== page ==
Chamarrita can refer to two different types of music and dance, one from the Azores in Portugal and one from the Rio de la Plata littoral region in northern Argentina, Uruguay, and southern Brazil.[1]

Azorean Chamarrita

The chamarrita from the Azores is a dance to a 3
rhythm traditionally played on the fiddle with or without accompaniment.[1]

Though its origin is based in the Azores and Madeira, the Chamarrita is also prevalent in Brazil thanks to Azorean settlers who came to Brazil in the eighteenth century. However, it is often recognized as Chimarrita by Brazilians in Rio Grande de Sul. The vowel change is suspected to be an unintentional error by natives. The dance is also popular in Santa Catarina, Paraná, and São Paulo where it has gained new reformations influenced by the waltz.[2]

Instruments often include the guitar, harmonica and accordion. Dancers, usually in pairs, wear authentic gaucho clothes reflecting Azorean culture. The dance itself is a lively dance done in a circle. There is a caller who sings out directions to all the dancers. The pairs of dancers gather in opposite rows, approaching and moving away as the music progresses.[3] The following is an example of a Chamaritta verse with the English translation.

A moda da Chamarrita

Nã tem nada que aprender,

E andar comum pé no ar

E outro no chão a bater

Quero cantar e bailar

Com a moça mais bonita

Bater o pé no terreiro

Dar voltas a Chamarrita

The old Chamarrita dance

Is really easy to learn

Just lift a foot in the air

And stamp the other on the floor

I want to sing and dance

With the prettiest gal

Stamp my foot on the ground

In a Chamarrita round[4]

Chamarrita in the Guinness World Records

In 2015, the Câmara Municipal da Madalena, a government office on the Azorean island of Pico, organized the largest Portuguese folk dance in hopes to promote their hometown and their traditions. 544 people participated in the paired dance forming a gigantic circle located in the city's stadium. A member of the City Hall of Madalena said, “It’s with great pride that we celebrate the achievement of this record. Proud to know that in this way our traditions are respected, renewed and projected into the future.”[5]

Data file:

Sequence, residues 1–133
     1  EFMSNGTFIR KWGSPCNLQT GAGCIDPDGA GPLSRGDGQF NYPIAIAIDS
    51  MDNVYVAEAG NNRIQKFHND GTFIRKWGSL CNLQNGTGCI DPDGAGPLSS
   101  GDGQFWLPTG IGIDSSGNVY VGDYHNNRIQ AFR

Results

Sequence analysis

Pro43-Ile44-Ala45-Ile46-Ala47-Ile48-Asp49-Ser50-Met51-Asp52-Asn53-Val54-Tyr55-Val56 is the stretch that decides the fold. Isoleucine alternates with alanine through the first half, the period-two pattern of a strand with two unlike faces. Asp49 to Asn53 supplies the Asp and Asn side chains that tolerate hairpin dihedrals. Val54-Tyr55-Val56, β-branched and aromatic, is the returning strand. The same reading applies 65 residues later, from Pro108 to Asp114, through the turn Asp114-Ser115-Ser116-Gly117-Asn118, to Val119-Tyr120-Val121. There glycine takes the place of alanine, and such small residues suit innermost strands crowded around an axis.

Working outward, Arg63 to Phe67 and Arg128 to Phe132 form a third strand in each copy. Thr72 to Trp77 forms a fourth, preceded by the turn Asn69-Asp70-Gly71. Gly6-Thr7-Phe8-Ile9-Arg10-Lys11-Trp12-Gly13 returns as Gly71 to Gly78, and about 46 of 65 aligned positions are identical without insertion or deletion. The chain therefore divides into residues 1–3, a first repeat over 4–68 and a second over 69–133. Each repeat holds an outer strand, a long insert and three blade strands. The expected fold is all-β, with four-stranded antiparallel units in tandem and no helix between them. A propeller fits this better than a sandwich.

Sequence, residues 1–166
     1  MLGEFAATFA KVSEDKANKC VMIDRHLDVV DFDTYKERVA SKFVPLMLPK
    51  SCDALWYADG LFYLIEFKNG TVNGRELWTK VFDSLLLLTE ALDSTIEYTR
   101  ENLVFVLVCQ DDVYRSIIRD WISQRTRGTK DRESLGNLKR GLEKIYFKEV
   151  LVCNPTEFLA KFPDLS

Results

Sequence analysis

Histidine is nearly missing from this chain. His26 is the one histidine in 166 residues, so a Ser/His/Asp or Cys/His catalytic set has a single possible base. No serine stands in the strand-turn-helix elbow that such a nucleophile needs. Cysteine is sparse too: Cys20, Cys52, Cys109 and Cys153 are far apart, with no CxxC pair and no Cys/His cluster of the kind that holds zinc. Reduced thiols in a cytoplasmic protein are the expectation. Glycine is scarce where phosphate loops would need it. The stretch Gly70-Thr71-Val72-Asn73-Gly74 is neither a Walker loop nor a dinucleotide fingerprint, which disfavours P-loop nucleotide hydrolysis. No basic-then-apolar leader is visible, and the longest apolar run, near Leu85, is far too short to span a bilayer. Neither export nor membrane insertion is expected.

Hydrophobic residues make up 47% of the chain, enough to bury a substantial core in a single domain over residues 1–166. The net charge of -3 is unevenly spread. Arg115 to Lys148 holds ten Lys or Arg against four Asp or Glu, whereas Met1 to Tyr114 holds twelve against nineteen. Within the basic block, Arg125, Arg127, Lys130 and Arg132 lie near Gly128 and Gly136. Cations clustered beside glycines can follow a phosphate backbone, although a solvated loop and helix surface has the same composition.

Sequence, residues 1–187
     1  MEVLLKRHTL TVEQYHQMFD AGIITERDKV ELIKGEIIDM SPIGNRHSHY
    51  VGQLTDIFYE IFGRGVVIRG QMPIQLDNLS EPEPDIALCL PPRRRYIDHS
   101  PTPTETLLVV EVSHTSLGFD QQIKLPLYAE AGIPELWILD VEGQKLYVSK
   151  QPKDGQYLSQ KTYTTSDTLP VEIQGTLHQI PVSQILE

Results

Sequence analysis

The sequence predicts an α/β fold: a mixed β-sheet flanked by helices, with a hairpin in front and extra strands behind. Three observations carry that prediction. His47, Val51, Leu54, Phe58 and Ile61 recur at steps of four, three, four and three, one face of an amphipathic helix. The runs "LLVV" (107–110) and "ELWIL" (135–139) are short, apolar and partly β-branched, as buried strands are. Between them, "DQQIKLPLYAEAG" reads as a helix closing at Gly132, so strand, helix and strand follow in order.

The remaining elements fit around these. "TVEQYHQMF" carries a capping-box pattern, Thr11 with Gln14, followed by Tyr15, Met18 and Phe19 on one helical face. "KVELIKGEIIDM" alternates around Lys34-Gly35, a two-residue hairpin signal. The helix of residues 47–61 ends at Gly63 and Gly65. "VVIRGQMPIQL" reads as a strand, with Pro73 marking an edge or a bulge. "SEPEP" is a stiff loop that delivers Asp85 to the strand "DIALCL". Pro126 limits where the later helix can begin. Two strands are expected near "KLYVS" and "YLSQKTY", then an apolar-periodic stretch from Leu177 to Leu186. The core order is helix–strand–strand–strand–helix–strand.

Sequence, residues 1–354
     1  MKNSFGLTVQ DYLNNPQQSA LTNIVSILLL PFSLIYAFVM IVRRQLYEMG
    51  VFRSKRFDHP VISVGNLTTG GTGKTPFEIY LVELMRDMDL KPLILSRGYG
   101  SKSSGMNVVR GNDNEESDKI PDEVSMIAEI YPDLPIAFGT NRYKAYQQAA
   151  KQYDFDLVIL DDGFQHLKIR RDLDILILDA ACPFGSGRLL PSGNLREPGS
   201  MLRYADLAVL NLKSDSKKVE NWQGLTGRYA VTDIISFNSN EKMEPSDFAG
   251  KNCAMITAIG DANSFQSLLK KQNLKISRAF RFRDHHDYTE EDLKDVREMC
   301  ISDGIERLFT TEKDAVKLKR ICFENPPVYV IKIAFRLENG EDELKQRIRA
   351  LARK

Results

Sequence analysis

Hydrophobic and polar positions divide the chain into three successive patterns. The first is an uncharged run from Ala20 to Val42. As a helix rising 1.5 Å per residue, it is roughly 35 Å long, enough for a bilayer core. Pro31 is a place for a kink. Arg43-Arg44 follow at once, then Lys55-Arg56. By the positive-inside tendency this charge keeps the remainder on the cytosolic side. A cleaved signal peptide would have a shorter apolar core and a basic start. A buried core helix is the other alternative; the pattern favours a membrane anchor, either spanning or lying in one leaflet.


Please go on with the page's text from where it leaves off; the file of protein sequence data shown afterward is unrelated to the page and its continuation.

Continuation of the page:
Chamarrita in California

The chamarrita was brought to California by Azorean immigrants. Musicologist Sidney Robertson Cowell collected two chamarritas in 1939 for the WPA Folk Music Project, one in Richmond played on two violas de arame,[6] and the other in Oakland played on "English guitar."[7] In 1947, Portuguese American musician Anthony Sears recorded his tune "A Chamarrita Nova" in Oakland with the help of two Italian Americans; it was arranged by mandolinist Rudy Cipolla of San Francisco and conducted by violinist Vincent di Bianca of Berkeley.[8] Old Time musician Kenny Hall, who grew up in the San Francisco Bay Area and moved to Fresno later in life, played two chamarritas as part of his repertoire, though he called them "chamaritzas."[9] Chamarritas are such a large part of Portuguese American festas in both Pescadero and Sausalito that the festivals are often called "chamarritas" by non-Portuguese.[10][11][12] The chamarrita is also danced at other California festas including those in Manteca[13] and at the San Joaquin Portuguese Festival in Turlock.[14]

Littoral Chamarrita

The chamarrita from the Rio de la Plata region has been suggested to descend from the Azorean chamarrita, but there is no conclusive evidence of this.

See also


  1. ^ a b Tunz+nath (2012-02-19). "Azores Lifestyle: Chamarrita". Azores Lifestyle. Retrieved 2018-04-12.
  2. ^ "Estância Virtual | Tradição Gaúcha | Danças Tradicionais". Estância Virtual | Tradição Gaúcha | Danças Tradicionais (in Portuguese). Archived from the original on 2018-04-13. Retrieved 2018-04-12.
  3. ^ "Vinda de Portugal, Chimarrita é uma das marcas do folclore gaúcho". Brasil Imperdível (in Brazilian Portuguese). 2011-11-30. Archived from the original on 2018-04-13. Retrieved 2018-04-12.
  4. ^ "Folk Customs of the Azores | Azores GenWeb Site (improved translation)". Archived from the original on 2018-04-13. Retrieved 2018-04-12.
  5. ^ "Portuguese town celebrates local tradition by performing huge folk dance". Guinness World Records. 2015-08-19. Retrieved 2018-04-12.
  6. ^ "Chamarrita". Library of Congress, Washington, D.C. 20540 USA. Retrieved 2024-03-07.
  7. ^ "Chamarita (Flores version)". Library of Congress, Washington, D.C. 20540 USA. Retrieved 2024-03-07.
  8. ^ (2013) Sears Orchestra – A Chamarrita Nova. Excavated Shellac. Retrieved from Accessed November 16th, 2020
  9. ^ Kenny Hall and Vykki Mende Gray. (1999) Kenny Hall's Music Book: Old-Time Music for Fiddle and Mandolin (Mel Bay Publications)
  10. ^ (2009) Portuguese Americans in San Mateo County La Peninsula: The Journal of the San Mateo County Historical Association, Volume xxxviii, No.1. Retrieved from,%20Portuguese,%20Spring%202009,%20ONLINE.pdf. Accessed November 16th, 2020
  11. ^ "a town's tradition". Half Moon Bay Review. 2003-06-16. Retrieved 2024-03-07.
  12. ^ "IDESST Sausalito Portuguese Cultural Center - The Chamarrita". Retrieved 2024-03-07.
  13. ^ "Its Festa time". Retrieved 2024-03-07.
  14. ^ "Carlos Vieira Foundation - San Joaquin Valley Portuguese". Rooster Camisa. 2019-04-13. Retrieved 2024-03-07.